The PJ Tatler

At Gay Bar, Condoms More Popular than Obamacare Brochures

As a metaphor for demonstrating the total cluelessness of everyone in the administration from the president on down about the public perception of Obamacare, this story about trying to sell the ACA at a gay bar should serve as a model.



Washington’s new health insurance exchange dispatched a sign-up envoy to one of the city’s gay clubs one recent night to get out the word about Obamacare. It envisioned men mingling on the dance floor, a cocktail in one hand and enrollment information in the other.

But the brochures about DC Health Link, as the exchange is called, weren’t snapped up as quickly as the free condoms provided by a local clinic.

Like other health exchanges and coverage advocacy groups across the country, DC Health Link is reaching out to people wherever they may be, including bars. President Barack Obama even urged bartenders — who may themselves be uninsured — to hold happy hours to talk about health insurance and what it can offer young adults.

(PHOTOS: 25 unforgettable Obamacare quotes)

That strategy has clear challenges, however. In a packed nightclub like Town Danceboutique in Northwest D.C., music smothers conversation, dimmed lights make reading difficult, and health coverage is not what’s on people’s minds.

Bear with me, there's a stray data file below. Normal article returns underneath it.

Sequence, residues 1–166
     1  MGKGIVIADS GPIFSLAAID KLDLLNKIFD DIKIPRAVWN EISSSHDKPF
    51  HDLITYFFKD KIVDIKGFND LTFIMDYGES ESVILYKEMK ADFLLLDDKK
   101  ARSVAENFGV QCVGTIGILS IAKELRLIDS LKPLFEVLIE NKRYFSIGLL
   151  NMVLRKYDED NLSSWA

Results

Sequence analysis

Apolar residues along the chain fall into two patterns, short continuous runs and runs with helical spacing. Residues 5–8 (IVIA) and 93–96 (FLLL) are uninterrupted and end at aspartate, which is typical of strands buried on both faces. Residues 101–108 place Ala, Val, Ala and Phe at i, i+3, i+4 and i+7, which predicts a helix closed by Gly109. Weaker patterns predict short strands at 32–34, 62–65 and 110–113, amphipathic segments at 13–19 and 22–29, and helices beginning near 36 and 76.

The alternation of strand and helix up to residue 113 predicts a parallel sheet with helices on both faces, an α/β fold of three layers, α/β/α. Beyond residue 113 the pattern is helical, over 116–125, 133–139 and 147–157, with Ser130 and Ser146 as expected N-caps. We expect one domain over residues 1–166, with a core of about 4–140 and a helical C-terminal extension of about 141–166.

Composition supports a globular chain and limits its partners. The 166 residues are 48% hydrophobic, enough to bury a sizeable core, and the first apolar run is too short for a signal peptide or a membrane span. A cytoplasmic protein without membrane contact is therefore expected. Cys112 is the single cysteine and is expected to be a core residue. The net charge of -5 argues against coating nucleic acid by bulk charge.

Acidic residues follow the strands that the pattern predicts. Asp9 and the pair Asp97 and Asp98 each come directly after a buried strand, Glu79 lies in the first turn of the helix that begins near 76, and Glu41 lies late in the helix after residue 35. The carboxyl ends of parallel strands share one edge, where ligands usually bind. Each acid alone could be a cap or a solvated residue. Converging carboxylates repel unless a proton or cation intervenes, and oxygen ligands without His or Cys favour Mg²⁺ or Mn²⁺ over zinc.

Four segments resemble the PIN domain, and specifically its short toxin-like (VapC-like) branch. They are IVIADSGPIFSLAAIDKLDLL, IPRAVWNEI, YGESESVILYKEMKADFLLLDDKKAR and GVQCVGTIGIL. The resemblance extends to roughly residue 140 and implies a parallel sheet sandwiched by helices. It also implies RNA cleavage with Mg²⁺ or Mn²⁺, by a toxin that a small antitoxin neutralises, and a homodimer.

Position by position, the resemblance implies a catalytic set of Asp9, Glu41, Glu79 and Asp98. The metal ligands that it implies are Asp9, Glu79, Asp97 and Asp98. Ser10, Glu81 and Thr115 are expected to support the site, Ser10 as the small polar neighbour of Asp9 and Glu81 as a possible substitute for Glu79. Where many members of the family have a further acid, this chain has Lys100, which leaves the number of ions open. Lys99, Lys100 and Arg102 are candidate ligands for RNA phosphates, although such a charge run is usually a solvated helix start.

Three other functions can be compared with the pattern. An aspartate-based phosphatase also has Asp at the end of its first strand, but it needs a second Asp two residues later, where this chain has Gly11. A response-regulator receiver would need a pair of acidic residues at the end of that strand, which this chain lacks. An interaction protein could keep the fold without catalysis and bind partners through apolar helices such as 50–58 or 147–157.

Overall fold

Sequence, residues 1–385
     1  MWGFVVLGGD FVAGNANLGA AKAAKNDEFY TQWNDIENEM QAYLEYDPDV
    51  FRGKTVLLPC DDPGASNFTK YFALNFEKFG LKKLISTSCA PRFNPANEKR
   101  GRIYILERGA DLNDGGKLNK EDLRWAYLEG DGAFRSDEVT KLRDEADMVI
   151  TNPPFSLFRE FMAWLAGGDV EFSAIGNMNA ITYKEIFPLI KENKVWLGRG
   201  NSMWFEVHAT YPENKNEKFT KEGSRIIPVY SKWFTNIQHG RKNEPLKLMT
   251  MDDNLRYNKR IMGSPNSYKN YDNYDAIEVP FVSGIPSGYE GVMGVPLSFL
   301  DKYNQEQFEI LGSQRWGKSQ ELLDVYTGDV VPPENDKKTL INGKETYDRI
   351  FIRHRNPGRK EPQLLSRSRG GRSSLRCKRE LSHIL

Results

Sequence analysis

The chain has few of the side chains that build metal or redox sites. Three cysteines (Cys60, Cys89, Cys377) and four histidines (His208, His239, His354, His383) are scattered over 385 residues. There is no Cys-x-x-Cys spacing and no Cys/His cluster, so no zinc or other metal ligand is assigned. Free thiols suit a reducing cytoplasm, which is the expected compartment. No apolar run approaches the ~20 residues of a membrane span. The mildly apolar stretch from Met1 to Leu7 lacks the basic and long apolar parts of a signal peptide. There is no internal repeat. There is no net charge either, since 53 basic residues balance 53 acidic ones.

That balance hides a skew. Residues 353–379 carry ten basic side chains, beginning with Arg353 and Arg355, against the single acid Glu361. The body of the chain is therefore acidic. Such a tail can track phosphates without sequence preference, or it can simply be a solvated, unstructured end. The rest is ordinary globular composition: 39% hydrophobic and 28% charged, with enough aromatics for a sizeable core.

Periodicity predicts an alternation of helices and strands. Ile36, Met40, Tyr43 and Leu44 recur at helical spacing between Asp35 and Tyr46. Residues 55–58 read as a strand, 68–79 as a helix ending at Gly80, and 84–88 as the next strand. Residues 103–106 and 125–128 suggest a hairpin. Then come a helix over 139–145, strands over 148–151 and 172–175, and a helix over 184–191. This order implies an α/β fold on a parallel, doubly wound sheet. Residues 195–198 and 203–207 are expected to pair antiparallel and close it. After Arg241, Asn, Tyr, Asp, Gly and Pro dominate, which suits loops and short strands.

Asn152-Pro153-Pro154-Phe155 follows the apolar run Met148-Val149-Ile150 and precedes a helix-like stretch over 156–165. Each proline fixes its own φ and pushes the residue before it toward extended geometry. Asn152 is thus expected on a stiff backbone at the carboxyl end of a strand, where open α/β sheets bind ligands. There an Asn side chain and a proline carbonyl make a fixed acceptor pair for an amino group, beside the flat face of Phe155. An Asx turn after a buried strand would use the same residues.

“They’re looking to let loose. They’re not looking to talk about serious topics,” patron Maven Saleh said as he surveyed the Town crowd on a winter weekend.

Add an appearance by Santa wearing a “Naughty” hat as he posed for pictures on stage, and DC Health Link assister John Esposito had a near-impossible task that night. Positioned behind the stage and bar area, he stood by a small table offering not just information about insurance enrollment but packages of condoms and tubes of lubricant. The latter items were courtesy of the Whitman-Walker Clinic, which also had its HIV testing van parked outside.

“It’s not about drawing a huge drove of people to the system,” explained an upbeat Esposito, who by day is stationed at Whitman-Walker as part of the DC exchange’s ongoing work with the lesbian, gay, bisexual and transgender community.


Like something out of a Dali painting.

Here you have an image of young men partying and dancing the night away, health insurance as a concern probably ranking right up there with trimming nose hair, and the geniuses at Obamacare central think it’s a great idea to set up shop and try to sell the law.

Stuff like this stinks of desperation. The earnest young man who is just doing his job by being there is not at fault. He’s just following the plan. But the people who sent him need a reality check. Next thing you know, we’ll have booths set up anywhere three people gather for a cup of coffee.

Join the conversation as a VIP Member